Whitney Tilson’s email to investors discussing Charlie Munger buying apartment buildings; Doug Kass’ 50 Laws of Investing. Q2 2021 hedge fund letters, conferences and more 1) I freely admit to being an unabashed fan of investing legend Charlie Munger, Warren Buffett‘s long-time friend and right-hand man at Berkshire Hathaway (BRK-B)… That’s why one of the […] Whitney Tilson’s email to investors discussing Charlie Munger buying apartment buildings; Doug Kass’ 50 Laws of Investing. if (typeof jQuery == 'undefined') { document.write(''); } .first{clear:both;margin-left:0}.one-third{width:31.034482758621%;float:left;margin-left:3.448275862069%}.two-thirds{width:65.51724137931%;float:left}form.ebook-styles .af-element input{border:0;border-radius:0;padding:8px}form.ebook-styles .af-element{width:220px;float:left}form.ebook-styles .af-element.buttonContainer{width:115px;float:left;margin-left: 6px;}form.ebook-styles .af-element.buttonContainer input.submit{width:115px;padding:10px 6px 8px;text-transform:uppercase;border-radius:0;border:0;font-size:15px}form.ebook-styles .af-body.af-standards input.submit{width:115px}form.ebook-styles .af-element.privacyPolicy{width:100%;font-size:12px;margin:10px auto 0}form.ebook-styles .af-element.privacyPolicy p{font-size:11px;margin-bottom:0}form.ebook-styles .af-body input.text{height:40px;padding:2px 10px !important} form.ebook-styles .error, form.ebook-styles #error { color:#d00; } form.ebook-styles .formfields h1, form.ebook-styles .formfields #mg-logo, form.ebook-styles .formfields #mg-footer { display: none; } form.ebook-styles .formfields { font-size: 12px; } form.ebook-styles .formfields p { margin: 4px 0; } Get The Full Series in PDF Get the entire 10-part series on Charlie Munger in PDF. Save it to your desktop, read it on your tablet, or email to your colleagues. (function($) {window.fnames = new Array(); window.ftypes = new Array();fnames[0]='EMAIL';ftypes[0]='email';}(jQuery));var $mcj = jQuery.noConflict(true); Q2 2021 hedge fund letters, conferences and more 1) I freely admit to being an unabashed fan of investing legend Charlie Munger, Warren Buffett's long-time friend and right-hand man at Berkshire Hathaway (BRK-B)... That's why one of the great honors of my life was being a contributor to the definitive book about Munger, Poor Charlie's Almanack: The Wit and Wisdom of Charles T. Munger. So I was more than a little intrigued when I saw this tweet, as I've never heard anything about Munger buying apartment buildings: In response, one reader tweeted this: I asked my analyst Kevin DeCamp to see what he could find. There wasn't much, but he did discover this nine-minute video in which Munger explains why he invested in Redlands: Why Charlie Munger is investing in Redlands? So, should you run out and buy or invest in apartment buildings? I think not... It appears that Munger has been opportunistic: He met a smart, entrepreneurial young man, took a shine to him, and invested with him to buy and manage some apartment buildings. I don't read too much into this, as I suspect Munger has invested well under 1% of his net worth in this area. Doug Kass: My 50 Laws Of Investing 2) I enjoyed my friend Doug Kass' "50 Laws of Investing." The stock market is filled with individuals who know the price of everything but the value of nothing. "Let us not take ourselves too seriously. None of us has a monopoly on wisdom." - Queen Elizabeth Since we are going down memory lane, here is another column that bears repeating: Common sense is not so common. Greed often overcomes common sense. Greed kills. Fear and greed are stronger than long-term resolve. There is no vaccine for being overleveraged. When you combine ignorance and leverage – you usually get some pretty scary results. Operate only in your area of competence. There is always more than one cockroach. Stocks have a gravitational pull higher – over long periods of time equities will rise in value. Long investing generates wealth. Short selling protects wealth. Be patient and learn how to sit on your hands. Try to get a little smarter every day and read as much as humanly possible – an investment in knowledge pays the best dividends. Investors sometime think too little and calculate too much. Read and reread Security Analysis (1934) by [Benjamin] Graham and [David] Dodd – it is the most important book on investing ever published. History is a great teacher. History rhymes. What we have learned from history is that we haven't learned from history. Investment wisdom is always 20/20 when viewed in the rear view mirror. Avoid "first-level thinking" and embrace "second-level thinking." Think for yourself – as those who can make you believe absurdities, can make you commit atrocities. In investing, that what is comfortable – especially at the beginning – is most often not exceedingly profitable at the end. Avoid the odor of "group stink" – mimicking the herd and the crowd's folly invite mediocrity. The more often a stupidity is repeated, the more it gets the appearance of wisdom. Always have more questions than answers. To be a successful investor you must have accounting/finance knowledge, you must work hard and you have to be keenly competitive. The stock market is filled with individuals who know the price of everything but the value of nothing. Directional call buying, when consumed as a steady appetite, is a "mug's game" and is often a path to the poorhouse. Never buy the stock of a company whose CEO wears more jewelry than your mother, wife, girlfriend or sister. Avoid "the noise." Reversion to the mean is a strong market influence. On markets and individual equities... when you reach "station success," get off! Low stock prices are the ally of the rational buyer – high stock prices are the enemy of the rational buyer. Being right or wrong is not as important as how much you make when you are right and how much you lose when you are wrong. Too much of a good thing can be wonderful – look for compelling ideas and when you have conviction go ahead and overweight bigly. New paradigms are a rare occurrence. Pride goes before fall. Consider opposing investment views and cultivate curiosity. Maintain a healthy level of skepticism as you never know when the Cossacks might be approaching. Though doubt is uncomfortable, certainty is ridiculous and sometimes dangerous. When investing and trading, never let your mind dwell on personal problems and always control your emotions. 'Rate of change' is the most important statistic in investing. In evaluating the attractiveness of a stock always consider upside reward vs. downside risk and 'margin of safety.' Don't stray from your investing and trading methodologies and timeframes. "Know" what you own. Immediately sell a stock on the announcement or discovery of an accounting irregularity. Always follow the cash (flow). When new ways of earnings are developed – like EBITDA (and before stock-based compensation) – substitute them with the word... "bullshit." Favor pouring over balance sheets and income statements than spending time on Twitter and r/wallstreetbets. Always pay attention to what David Tepper and Stanley Druckenmiller are thinking/doing. (Trade/invest against them, at your own risk). Best regards, Whitney P.S. I welcome your feedback at WTDfeedback@empirefinancialresearch.com. Updated on Oct 1, 2021, 3:03 pm (function() { var sc = document.createElement("script"); sc.type = "text/javascript"; sc.async = true;sc.src = "//mixi.media/data/js/95481.js"; sc.charset = "utf-8";var s = document.getElementsByTagName("script")[0]; s.parentNode.insertBefore(sc, s); }()); window._F20 = window._F20 || []; _F20.push({container: 'F20WidgetContainer', placement: '', count: 3}); _F20.push({finish: true});.....»»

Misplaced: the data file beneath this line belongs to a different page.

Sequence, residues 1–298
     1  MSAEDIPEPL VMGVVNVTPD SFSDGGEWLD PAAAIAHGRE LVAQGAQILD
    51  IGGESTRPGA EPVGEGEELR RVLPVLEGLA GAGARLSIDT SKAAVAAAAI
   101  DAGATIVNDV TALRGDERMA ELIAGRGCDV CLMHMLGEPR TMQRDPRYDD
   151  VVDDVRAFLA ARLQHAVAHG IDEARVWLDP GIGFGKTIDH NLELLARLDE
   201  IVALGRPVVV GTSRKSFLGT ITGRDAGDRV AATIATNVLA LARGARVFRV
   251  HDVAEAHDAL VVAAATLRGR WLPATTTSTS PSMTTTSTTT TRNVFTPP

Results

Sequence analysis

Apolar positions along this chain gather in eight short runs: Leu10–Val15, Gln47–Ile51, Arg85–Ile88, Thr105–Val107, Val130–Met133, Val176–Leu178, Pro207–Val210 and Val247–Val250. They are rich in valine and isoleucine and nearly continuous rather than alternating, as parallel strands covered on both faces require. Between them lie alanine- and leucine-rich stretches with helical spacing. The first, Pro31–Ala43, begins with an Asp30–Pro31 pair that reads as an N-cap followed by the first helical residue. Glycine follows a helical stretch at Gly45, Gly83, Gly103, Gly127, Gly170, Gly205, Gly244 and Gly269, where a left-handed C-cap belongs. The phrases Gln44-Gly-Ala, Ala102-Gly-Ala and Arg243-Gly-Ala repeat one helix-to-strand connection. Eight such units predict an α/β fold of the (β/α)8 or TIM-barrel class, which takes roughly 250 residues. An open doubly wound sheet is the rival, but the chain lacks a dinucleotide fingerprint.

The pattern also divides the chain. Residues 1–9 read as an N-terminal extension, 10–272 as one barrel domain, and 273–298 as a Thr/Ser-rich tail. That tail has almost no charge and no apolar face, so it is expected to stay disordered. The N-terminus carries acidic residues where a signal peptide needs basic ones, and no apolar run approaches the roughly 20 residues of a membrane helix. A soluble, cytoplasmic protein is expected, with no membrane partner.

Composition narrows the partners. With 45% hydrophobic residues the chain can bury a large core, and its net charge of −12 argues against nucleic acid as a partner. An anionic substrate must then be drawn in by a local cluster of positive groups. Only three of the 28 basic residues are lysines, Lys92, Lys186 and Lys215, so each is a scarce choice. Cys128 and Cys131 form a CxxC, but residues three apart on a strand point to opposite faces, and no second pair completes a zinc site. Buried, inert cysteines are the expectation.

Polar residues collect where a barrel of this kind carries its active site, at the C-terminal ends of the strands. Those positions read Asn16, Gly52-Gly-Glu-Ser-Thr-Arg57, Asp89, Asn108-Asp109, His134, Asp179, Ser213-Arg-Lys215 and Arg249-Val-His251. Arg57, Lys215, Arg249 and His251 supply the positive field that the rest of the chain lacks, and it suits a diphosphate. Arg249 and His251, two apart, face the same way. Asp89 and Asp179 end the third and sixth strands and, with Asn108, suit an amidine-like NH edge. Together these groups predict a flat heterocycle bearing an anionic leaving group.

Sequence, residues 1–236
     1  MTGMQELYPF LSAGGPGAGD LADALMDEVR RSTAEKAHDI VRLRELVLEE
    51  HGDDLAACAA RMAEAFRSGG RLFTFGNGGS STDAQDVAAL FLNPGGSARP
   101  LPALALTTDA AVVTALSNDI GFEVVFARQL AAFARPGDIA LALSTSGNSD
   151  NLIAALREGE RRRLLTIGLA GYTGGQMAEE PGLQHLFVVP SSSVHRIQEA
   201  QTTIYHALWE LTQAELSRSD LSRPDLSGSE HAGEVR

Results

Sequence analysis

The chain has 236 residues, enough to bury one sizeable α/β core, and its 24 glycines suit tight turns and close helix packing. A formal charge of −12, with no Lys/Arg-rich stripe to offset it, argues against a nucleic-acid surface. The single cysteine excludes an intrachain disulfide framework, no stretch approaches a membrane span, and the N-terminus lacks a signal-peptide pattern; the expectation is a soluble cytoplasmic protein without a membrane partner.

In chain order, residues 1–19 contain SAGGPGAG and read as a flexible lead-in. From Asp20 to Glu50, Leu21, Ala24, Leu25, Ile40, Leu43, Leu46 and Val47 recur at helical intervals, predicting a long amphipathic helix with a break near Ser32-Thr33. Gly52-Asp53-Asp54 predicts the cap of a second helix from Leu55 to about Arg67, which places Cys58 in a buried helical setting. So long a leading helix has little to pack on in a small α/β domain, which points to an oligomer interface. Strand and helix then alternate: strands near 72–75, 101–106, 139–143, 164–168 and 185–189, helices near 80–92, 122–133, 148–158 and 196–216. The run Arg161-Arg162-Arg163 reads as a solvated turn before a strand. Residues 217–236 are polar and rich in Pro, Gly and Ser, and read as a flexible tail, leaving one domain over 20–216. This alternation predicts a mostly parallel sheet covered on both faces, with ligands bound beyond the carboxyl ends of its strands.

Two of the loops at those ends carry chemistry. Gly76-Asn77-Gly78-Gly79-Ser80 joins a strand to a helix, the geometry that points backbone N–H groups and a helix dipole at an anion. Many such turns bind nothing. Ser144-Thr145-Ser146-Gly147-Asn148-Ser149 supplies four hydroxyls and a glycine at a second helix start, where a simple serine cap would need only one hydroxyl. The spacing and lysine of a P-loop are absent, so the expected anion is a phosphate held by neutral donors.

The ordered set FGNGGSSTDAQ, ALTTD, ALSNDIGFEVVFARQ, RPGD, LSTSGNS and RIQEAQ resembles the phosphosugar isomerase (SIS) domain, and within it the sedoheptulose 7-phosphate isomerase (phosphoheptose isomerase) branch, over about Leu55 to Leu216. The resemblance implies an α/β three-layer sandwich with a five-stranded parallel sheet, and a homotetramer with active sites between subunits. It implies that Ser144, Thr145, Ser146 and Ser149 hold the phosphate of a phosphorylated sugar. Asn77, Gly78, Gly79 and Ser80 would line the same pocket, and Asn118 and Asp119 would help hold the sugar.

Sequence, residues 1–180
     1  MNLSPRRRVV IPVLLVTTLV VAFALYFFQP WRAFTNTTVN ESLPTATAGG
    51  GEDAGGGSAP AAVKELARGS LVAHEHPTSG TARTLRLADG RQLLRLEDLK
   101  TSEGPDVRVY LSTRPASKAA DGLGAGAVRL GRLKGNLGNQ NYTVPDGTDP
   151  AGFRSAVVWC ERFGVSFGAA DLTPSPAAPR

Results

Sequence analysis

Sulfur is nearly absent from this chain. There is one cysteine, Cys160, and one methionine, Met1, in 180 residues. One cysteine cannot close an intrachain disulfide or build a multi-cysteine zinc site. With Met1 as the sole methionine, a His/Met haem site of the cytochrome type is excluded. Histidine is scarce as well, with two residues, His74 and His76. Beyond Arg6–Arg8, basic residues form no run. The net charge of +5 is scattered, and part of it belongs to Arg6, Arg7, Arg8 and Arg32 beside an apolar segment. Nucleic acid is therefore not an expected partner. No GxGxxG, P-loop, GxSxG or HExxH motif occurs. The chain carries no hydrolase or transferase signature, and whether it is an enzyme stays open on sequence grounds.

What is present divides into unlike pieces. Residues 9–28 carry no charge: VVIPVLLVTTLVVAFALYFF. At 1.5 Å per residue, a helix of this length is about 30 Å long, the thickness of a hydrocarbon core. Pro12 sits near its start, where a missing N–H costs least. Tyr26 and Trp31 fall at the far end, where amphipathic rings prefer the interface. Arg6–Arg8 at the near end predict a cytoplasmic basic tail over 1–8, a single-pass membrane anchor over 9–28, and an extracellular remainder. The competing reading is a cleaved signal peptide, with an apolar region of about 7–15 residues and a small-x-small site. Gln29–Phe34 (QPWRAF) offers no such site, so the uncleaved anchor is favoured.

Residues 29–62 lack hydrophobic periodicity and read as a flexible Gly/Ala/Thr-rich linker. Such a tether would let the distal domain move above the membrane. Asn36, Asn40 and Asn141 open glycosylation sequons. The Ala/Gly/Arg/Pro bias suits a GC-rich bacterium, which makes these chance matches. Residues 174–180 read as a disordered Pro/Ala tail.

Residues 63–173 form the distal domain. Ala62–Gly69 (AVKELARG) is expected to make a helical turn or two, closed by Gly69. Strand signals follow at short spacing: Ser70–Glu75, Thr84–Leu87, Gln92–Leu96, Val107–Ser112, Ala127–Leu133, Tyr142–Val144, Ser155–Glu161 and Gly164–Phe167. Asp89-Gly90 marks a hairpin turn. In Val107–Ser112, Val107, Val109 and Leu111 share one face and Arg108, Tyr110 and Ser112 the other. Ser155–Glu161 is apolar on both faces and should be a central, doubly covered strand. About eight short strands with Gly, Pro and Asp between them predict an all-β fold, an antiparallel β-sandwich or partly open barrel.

Category: blogSource: valuewalkOct 1st, 2021